If you recently graduated and have had difficulty getting responses to your resume and cover letter, don’t be discouraged. Many attorneys won’t bother to respond to resumes and cover letters sent “To Whom It May Concern” because it won’t concern anyone. . . .
I tell students seeking references that if they want a letter sent TWIMC, I won’t send it because it is a waste of time for them and for me.
I’m a great believer in luck, and I find the harder I work, the more I have of it.
– Thomas Jefferson
Go To Court
Go to the local courts and meet with the court clerks. Dress well, but don’t overdress. Bring copies of your resume and wait until they are not busy. Explain that you are going to be working in the area and want to work for someone who treats others well and has a good reputation with the courts. You will know when it is time to ask to leave a couple copies of your resume with them when they give you eye contact and really seem interested in you. Be honest. Tell them that you need the work, but try not to appear desperate. If at all possible find out something about the person to connect you with them by being genuinely interested and ask them about themselves. As they talk, look for parallels with your own life. It could be schools, friends, hobbies, or any of their interests. The minute you find common points of interest or connections, you become different and more closely associated with that person. The tone of the conversation changes and that person becomes you allied in a way they were not before you made the linkage. That is what LinkedIn is all about.
There is no substitute for interpersonal contact. Think about it, when you seek a service are you willing to contact someone “in the blind” without looking for reviews or references? Probably not. And now with the internet, many attorneys will use linked in or listservs to post openings and seek new associates from other attorneys who will recommend a person.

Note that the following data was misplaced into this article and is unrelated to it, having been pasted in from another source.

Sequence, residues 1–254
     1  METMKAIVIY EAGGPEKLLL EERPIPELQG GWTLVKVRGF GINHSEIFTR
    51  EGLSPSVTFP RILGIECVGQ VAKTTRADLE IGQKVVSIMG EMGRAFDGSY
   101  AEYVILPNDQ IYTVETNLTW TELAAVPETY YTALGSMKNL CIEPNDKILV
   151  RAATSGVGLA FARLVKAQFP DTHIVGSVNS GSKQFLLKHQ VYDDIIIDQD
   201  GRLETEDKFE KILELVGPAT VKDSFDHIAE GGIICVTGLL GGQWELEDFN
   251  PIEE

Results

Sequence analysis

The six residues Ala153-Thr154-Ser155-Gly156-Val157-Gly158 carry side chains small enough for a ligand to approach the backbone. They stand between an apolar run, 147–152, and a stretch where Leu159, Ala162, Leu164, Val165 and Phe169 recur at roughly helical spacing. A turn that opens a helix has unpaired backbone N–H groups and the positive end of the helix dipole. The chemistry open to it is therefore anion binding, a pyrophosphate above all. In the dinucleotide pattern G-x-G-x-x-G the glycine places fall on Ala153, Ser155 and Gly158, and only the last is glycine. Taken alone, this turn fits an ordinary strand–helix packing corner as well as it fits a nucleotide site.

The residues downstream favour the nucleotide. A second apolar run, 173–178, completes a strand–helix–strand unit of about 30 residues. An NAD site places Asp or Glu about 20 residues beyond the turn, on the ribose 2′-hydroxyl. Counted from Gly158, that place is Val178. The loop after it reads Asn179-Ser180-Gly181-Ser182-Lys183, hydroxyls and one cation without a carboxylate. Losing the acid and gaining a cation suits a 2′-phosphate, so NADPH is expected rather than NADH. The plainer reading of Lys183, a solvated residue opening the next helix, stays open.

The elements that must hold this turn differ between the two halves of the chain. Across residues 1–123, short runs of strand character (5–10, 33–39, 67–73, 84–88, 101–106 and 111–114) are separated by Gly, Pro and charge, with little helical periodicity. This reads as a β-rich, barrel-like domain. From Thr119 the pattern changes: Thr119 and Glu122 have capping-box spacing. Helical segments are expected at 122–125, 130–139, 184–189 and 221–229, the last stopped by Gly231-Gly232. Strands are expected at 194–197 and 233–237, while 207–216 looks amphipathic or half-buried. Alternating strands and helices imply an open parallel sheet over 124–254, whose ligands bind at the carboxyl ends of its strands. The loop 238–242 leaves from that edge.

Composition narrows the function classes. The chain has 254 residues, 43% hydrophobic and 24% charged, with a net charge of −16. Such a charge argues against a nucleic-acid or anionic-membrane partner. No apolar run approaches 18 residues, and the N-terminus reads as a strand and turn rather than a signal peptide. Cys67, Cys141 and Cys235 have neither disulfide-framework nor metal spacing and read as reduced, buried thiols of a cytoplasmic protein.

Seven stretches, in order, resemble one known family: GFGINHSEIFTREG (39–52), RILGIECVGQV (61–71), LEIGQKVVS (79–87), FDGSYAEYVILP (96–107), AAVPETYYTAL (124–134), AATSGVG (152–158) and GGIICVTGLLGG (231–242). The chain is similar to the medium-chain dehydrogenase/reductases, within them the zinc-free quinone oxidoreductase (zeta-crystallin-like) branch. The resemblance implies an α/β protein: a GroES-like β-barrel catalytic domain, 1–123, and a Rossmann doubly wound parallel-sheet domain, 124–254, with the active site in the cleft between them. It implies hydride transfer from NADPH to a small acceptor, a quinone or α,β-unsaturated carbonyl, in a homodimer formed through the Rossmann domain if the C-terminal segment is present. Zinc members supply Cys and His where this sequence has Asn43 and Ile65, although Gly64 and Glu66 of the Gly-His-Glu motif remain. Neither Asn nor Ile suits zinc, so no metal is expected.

Many ads look for someone with 1-3 years experience and you are not in that category if you are a recent grad. Hopefully, you participated in a clinical program in law school to gain practice experience The supervisor of that program is the best reference you could get because they can speak to your ability to engage live clients in a meaningful way.
If you want to find a job, remember; it is all numbers. What I mean is the more contacts you make, the greater the likelihood that you will make a connection to link you to someone who will help you get your first job.
Be Out There Where Attorneys Gather
Attend local Bar meetings, bring resumes just in case someone is willing to take one to forward to someone else. If you find that someone offers to assist you, get their business card and send them a thank you card, not an email.
Volunteer at legal aid but they would need to get a commitment from you concerning days and times that you will be available. Be consistent and fulfill your commitment. What will impress them the most that you are a person of your word and that will be very important as opportunities arise. Employers are not looking for grads who will “blind the judges with their brilliance”. They are looking for “work-horses”who have staying power and the ability to get along with others. Your volunteer work becomes a working interview builds your frame of reference working with the courts and with clients. Do not sit at home transmitting copies of your resumes to people you do not know. You are better off getting out where attorneys gather and connect with them whenever you can.
Finally, consider writing about a topic that is of interest to you in a local publication, bar journal or on the internet. What is currently in the news and how does the law apply? How might consumers, attorneys, courts or businesses be affected about recent changes in the law? Writing general information pieces in 500 words or less can go a long way to help you get attention from potential employers or potential clients. Even if you haven’t passed the Bar, that doesn’t mean you can’t write about legal issues. You can’t give legal advice until you pass the Bar, but until then you can refer potential clients to other attorneys with consent. What would be a better point of reference than your ability to generate potential business?
Whatever you do, don’t waste your time waiting for someone to call you. Get out there and become actively engaged. Good luck!